Improved disaster recovery and business continuity are also key features of this announcement, helping businesses achieve compliance regarding email and other data storage.
IBM appears to have acknowledged that many companies operate their email platforms on Microsoft Exchange Server. To that end, IBM is working with Microsoft to offer compatible solutions. While Microsoft has introduced a Volume Shadow Copy Service to help eliminate email backup windows, IBM has developed an automated business solution called DS4000 Integrated Backup for Databases (IBD) for Exchange, which is designed to protect and enable recovery of Microsoft Exchange 2003 databases.
IBM has added VolumeCopy and a combination of FlashCopy/VolumeCopy to the IBM TotalStorage DS4100 to affordably address storage consolidation, IBM reports.
Moreover, IBM has attained Microsoft Simple SAN designation for its DS4100 and DS4300. SAN Kits are designed to provide an out-of-the-box SAN experience for customers and enable SMB companies to install a SAN expeditiously and without onsite assistance.
IBM reports that the System Storage DS4000 EXP810 will be available on April 28, starting at a list price of $6,000. Disaster recovery and business continuity (DRBC) features—including IBM Integrated Backup for Databases (IBD) for Exchange, VolumeCopy, and a combination of FlashCopy/VolumeCopy—will be available on March 17, with list prices starting at $4,800 for entry-level storage servers. IBM DS4100 and DS4300 SAN Kits for the IBM DS4000 storage systems are available now, starting at a list price of just over $6,500.
Customers are continuing to be constrained by shrinking and/or highly scrutinized IT budgets. At the same time, they must be compliant regarding information storage and redundancy. The collaborative efforts between IBM and Microsoft appear to have yielded storage and DRBC solutions to help customers effectively and efficiently deal with issues of both storage and cost. IT decision-makers must, however, remain vigilant in this area. Before purchasing any solution, it is imperative that they have a grasp of their storage topology, DRBC plans, and current spend. In implementing new solutions, it is also wise to perform a five-year total cost of ownership to determine if savings in time and cost can be realized.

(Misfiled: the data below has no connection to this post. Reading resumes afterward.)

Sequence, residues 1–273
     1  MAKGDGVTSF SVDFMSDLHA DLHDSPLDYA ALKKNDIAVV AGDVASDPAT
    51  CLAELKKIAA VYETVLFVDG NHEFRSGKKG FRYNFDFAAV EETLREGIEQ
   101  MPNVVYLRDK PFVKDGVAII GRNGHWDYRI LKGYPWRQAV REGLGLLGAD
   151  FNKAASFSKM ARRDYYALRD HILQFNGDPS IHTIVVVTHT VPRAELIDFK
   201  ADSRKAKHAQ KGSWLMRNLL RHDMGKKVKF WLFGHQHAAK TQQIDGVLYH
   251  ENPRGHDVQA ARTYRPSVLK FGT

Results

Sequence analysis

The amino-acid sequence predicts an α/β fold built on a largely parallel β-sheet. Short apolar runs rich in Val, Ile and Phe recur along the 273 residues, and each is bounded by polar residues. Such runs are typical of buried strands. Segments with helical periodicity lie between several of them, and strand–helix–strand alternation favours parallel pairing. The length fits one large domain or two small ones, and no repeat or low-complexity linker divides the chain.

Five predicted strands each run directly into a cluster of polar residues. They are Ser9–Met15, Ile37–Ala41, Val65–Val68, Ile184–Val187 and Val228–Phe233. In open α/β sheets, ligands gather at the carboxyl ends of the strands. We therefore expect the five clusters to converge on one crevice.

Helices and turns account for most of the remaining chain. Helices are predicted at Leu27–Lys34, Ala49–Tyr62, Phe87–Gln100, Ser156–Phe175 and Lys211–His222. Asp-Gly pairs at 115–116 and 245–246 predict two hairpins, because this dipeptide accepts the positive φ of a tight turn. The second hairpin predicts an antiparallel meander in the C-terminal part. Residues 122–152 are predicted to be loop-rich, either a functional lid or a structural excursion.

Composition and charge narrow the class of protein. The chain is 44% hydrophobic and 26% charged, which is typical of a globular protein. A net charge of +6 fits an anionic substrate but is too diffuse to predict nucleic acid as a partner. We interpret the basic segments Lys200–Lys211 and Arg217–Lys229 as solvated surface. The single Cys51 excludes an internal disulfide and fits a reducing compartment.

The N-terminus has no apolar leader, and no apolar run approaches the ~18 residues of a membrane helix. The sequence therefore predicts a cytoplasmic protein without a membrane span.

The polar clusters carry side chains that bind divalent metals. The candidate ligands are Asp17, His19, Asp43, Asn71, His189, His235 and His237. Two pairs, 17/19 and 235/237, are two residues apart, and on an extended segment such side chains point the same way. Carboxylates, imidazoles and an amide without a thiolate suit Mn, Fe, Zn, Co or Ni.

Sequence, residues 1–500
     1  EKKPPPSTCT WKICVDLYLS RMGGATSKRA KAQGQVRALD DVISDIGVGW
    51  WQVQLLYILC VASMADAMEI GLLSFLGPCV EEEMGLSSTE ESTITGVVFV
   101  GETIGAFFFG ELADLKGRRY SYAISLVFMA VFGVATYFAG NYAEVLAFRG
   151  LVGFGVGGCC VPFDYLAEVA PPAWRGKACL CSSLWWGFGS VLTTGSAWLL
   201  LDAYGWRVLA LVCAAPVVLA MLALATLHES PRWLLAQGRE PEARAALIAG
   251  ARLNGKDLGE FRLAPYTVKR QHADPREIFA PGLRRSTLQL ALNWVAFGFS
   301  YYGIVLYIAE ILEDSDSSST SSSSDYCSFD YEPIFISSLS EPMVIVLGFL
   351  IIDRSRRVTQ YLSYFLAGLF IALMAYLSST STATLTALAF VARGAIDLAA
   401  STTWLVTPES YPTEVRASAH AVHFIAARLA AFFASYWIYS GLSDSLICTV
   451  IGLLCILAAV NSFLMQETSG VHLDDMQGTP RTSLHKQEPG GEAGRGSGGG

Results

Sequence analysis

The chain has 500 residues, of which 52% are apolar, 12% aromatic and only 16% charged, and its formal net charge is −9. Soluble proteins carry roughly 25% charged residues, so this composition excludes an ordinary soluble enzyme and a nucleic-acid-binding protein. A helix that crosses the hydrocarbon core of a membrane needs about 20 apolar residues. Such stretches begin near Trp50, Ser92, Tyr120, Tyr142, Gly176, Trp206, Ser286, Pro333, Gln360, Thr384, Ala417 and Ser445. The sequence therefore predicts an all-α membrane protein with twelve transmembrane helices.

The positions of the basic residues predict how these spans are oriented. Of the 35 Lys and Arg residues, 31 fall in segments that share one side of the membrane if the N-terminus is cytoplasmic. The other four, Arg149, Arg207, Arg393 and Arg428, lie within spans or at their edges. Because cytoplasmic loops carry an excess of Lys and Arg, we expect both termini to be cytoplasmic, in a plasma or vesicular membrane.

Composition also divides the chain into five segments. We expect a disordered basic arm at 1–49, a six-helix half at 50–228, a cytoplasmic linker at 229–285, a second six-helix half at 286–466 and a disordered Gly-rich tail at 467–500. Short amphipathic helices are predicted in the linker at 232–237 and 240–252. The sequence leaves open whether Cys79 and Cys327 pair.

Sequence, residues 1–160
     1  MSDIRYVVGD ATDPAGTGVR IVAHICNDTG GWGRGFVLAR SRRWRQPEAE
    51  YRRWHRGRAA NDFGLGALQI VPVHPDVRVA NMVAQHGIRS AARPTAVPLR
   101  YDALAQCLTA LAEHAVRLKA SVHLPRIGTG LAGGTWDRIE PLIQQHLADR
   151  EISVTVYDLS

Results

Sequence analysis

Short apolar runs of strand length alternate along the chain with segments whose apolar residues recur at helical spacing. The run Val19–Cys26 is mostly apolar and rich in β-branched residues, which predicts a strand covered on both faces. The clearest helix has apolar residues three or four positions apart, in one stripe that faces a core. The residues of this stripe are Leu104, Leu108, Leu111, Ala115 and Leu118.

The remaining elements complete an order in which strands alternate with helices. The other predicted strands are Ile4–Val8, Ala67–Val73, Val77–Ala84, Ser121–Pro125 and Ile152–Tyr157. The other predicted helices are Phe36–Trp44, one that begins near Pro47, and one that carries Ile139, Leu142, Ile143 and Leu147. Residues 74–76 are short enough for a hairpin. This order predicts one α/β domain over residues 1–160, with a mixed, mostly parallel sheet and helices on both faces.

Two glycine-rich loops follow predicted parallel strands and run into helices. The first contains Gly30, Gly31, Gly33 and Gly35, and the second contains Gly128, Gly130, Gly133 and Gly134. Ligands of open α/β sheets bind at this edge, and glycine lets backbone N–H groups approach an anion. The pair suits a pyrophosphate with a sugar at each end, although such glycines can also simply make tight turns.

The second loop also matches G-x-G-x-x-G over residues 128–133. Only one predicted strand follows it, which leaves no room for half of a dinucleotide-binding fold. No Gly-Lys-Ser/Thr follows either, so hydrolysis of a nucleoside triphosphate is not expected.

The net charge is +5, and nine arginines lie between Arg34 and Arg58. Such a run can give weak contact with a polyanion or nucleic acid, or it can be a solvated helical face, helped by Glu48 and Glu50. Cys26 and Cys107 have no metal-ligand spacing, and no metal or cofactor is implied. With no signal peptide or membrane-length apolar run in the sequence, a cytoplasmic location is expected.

Move Over Tasmanian Devil, Here Comes Project Higgins
In a boon to the open source movement, IBM, Novell, and Parity Communications recently announced they are contributing code to an open source initiative. "Project Higgins," named after the Tasmanian long-tailed Higgins mouse, is designed to enable individuals to have more control over their personal online identity information, IBM reported.
Project Higgins expands upon a concept developed by Harvard Law School's Berkman Center for Internet & Society and is being managed by the Eclipse open source foundation. The idea is to empower individuals to dynamically and securely manage their online personal information—such as bank accounts, telephone and credit card numbers, and medical and other records—and control what elements of their information may be seen by whom. In addition, Project Higgins should enable individuals to change a password or address across all their online accounts. The announcement indicates that since Higgins is an open source effort, it "will support computers running Linux, Windows or any operating system, and will support any identity management system."
IBM plans to incorporate Higgins technology within its Tivoli identity management software, the company said.
It's All Good News for Business Partners and SMBs
At the time of this publication, PartnerWorld will be in full swing. These IBM announcements address themes aimed at collaborating with Business Partners and making it easier and more attractive for them to sell IBM products and services. Another theme explored in the aforementioned announcements is the leveraging of robust technology solutions for the way SMBs do business. Moreover, Project Higgins provides a glimpse into the future of more efficient and secure individual management of online information. Watch this space; there will be more to come at PartnerWorld 2006.